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Cargotecture is one of our favorite topics on Inhabitat and it should be no wonder why—building with shipping containers can be an affordable way to provide high-quality housing. Inside Portable Accommodation , a company that specializes in portable buildings, has also caught on to the booming shipping container revolution in architecture. In celebration of cargotecture, the Gloucestershire company put together an infographic comprising facts about shipping container architecture , great cargotecture examples from around the world, as well as tips from experts on building with shipping containers. Read the rest of INFOGRAPHIC: Why the shipping container revolution became popular Permalink | Add to del.icio.us | digg Post tags: Cargotecture , infographic , Inside portable accommodation , reader submitted content , shipping container architecture , shipping containers

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INFOGRAPHIC: Why the shipping container revolution became popular

France’s oldest tree, alive since Louis IX, hides treehouse chapels within its trunk

March 31, 2015 by  
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Read the rest of France’s oldest tree, alive since Louis IX, hides treehouse chapels within its trunk Permalink | Add to del.icio.us | digg Post tags: Allouville-Bellefosse , Architecture , Botanical , carved tree , Chêne Chapelle , france , oak chapel , Treehouses

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France’s oldest tree, alive since Louis IX, hides treehouse chapels within its trunk

Scientists Create Complete Organ from Scratch – Inside a Mouse!

September 2, 2014 by  
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Oh, the mighty mouse – the tiny creature on whom humanity’s experiments have saved countless lives, and they’re up to it again. This time, scientists at the University of Edinburgh have managed to grow a fully functional organ inside a mouse, which opens up the possibility that one day we might be able to manufacture compatible organs for transplant from scratch – without the need for human donors. Read the rest of Scientists Create Complete Organ from Scratch – Inside a Mouse! Permalink | Add to del.icio.us | digg Post tags: artificial , edinburgh , glad , Grow , inside , mouse , organ , thymus , transplant , university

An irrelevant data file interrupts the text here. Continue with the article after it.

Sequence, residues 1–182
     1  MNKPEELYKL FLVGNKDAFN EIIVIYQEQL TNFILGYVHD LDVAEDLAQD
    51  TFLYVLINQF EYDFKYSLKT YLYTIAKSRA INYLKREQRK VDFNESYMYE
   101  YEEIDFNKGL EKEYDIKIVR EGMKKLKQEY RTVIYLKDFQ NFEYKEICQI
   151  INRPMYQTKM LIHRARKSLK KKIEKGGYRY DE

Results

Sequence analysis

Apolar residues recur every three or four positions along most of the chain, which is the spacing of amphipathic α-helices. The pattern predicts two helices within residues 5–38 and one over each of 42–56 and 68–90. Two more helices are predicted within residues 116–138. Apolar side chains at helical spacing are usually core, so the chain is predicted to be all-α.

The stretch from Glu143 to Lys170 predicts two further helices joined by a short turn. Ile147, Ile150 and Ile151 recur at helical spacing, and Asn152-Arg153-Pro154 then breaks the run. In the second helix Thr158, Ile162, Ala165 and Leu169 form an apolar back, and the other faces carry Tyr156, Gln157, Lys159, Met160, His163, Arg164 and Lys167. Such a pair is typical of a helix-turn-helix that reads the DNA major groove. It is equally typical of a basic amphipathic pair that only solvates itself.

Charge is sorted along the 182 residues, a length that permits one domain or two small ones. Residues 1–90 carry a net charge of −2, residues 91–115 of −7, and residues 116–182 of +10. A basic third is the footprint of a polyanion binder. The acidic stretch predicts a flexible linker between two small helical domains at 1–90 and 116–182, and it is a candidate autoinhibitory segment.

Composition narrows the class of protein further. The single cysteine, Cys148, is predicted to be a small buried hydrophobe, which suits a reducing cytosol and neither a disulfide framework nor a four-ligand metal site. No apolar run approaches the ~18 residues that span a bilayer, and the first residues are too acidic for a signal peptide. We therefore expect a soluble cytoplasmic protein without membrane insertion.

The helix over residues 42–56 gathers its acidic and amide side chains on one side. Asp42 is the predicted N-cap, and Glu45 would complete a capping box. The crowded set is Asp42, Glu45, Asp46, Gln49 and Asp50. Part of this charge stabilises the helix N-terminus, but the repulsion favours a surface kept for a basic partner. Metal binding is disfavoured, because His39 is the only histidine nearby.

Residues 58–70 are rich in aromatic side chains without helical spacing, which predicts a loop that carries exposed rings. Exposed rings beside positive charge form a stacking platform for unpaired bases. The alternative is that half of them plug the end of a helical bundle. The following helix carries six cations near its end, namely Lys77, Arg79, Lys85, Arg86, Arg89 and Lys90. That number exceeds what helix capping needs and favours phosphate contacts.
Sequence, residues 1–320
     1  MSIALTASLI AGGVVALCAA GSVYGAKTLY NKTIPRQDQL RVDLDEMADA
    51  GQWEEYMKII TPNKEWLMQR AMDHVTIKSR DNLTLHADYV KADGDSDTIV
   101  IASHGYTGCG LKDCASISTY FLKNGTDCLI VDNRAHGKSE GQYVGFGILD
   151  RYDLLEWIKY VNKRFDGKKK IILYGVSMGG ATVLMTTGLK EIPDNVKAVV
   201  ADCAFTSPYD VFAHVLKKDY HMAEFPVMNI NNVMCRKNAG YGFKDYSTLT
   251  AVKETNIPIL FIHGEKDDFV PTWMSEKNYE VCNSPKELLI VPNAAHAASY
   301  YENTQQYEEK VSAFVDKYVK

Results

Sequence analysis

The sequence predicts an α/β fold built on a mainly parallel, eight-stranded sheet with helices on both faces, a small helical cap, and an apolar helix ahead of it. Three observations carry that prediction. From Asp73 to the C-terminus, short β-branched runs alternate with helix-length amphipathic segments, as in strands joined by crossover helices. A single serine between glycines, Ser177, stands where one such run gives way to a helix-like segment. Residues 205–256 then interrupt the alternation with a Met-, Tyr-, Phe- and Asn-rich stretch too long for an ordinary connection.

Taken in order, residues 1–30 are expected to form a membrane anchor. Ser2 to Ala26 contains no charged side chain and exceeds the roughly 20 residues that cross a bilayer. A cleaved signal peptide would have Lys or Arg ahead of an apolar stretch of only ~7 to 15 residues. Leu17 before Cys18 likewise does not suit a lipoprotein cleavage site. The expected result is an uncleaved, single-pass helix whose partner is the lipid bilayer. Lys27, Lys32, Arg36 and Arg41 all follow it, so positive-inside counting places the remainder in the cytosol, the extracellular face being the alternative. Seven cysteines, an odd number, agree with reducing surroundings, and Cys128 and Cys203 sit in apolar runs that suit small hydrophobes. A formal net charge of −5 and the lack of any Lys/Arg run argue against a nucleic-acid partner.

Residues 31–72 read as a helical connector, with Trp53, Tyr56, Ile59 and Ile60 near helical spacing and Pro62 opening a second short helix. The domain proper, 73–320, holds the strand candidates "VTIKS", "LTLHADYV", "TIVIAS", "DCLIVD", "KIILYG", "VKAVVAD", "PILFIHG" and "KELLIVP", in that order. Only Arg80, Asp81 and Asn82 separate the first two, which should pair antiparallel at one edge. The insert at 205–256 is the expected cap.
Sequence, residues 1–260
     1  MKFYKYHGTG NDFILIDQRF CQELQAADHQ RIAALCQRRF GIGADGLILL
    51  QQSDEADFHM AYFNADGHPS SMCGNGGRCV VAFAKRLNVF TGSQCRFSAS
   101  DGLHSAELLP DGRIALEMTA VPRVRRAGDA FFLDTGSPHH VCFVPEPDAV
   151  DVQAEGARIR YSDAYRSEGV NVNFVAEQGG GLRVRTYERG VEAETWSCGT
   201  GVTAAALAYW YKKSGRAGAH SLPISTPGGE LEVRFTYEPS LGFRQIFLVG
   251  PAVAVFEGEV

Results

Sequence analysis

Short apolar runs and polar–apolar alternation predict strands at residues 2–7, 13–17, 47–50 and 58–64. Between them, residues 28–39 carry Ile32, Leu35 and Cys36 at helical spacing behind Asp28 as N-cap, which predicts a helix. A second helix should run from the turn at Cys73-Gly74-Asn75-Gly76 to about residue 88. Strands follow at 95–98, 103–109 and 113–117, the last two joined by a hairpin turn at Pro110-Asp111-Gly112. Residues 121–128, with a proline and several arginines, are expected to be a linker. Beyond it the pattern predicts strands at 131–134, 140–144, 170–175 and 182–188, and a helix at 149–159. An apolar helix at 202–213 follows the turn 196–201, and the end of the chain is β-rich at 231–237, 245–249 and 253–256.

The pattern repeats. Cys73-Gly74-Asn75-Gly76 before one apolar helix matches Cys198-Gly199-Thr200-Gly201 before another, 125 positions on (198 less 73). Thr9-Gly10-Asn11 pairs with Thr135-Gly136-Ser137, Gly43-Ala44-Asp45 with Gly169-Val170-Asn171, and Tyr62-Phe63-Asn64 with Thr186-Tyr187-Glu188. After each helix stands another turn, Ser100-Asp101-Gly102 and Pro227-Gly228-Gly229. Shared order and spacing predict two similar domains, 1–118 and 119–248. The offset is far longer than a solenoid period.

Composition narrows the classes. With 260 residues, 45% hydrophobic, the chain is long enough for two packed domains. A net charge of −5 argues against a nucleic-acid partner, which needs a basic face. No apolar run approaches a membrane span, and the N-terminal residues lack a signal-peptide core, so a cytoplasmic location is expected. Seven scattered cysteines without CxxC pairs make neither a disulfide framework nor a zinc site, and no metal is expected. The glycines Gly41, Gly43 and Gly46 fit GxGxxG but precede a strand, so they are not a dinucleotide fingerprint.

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Scientists Create Complete Organ from Scratch – Inside a Mouse!

Baltimore’s New Bus Shelter Lets Straphangers Lounge Inside Giant Letters

August 11, 2014 by  
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Read the rest of Baltimore’s New Bus Shelter Lets Straphangers Lounge Inside Giant Letters Permalink | Add to del.icio.us | digg Post tags: baltimore art installation , Baltimore BUS , Baltimore bus shelters , Baltimore bus stops , bus , eco design , green design , green transportation , mmmm , public transportation , sustainable design , typographical architecture

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Baltimore’s New Bus Shelter Lets Straphangers Lounge Inside Giant Letters

Housefish Launches Easy-to-Assemble Lock Seating Made From 100% USA-Sourced Materials

August 11, 2014 by  
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Denver-based design firm Housefish just launched Lock Seating , their newest furniture line made from sustainably harvested wood. Available as a regular height chair or as a counter stool, these easy-to-assemble chairs are crafted with FSC-certified plywood and zero VOC finishes. The chairs ship flat-pack and can be hand-assembled by simply sliding the seat into a locking notch in the back and then securing it in place with four screws. + Housefish The article above was submitted to us by an Inhabitat reader. Want to see your story on Inhabitat ? Send us a tip by following this link . Remember to follow our instructions carefully to boost your chances of being chosen for publishing! Permalink | Add to del.icio.us | digg Post tags: “green furniture” , flat pack furniture , formaldehyde-free , fsc certified wood , housefish , lock seating , plywood , reader submitted content , sustainably sourced wood , sustainably-sourced materials , USA sourced materials , VOC finishes

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Housefish Launches Easy-to-Assemble Lock Seating Made From 100% USA-Sourced Materials

Why are Toyota, Ford and Honda the ‘best green global brands’?

June 12, 2013 by  
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The latest annual ranking of the global brands with the most environmental appeal is just out. Here's the inside story about who's on top, and why.

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Why are Toyota, Ford and Honda the ‘best green global brands’?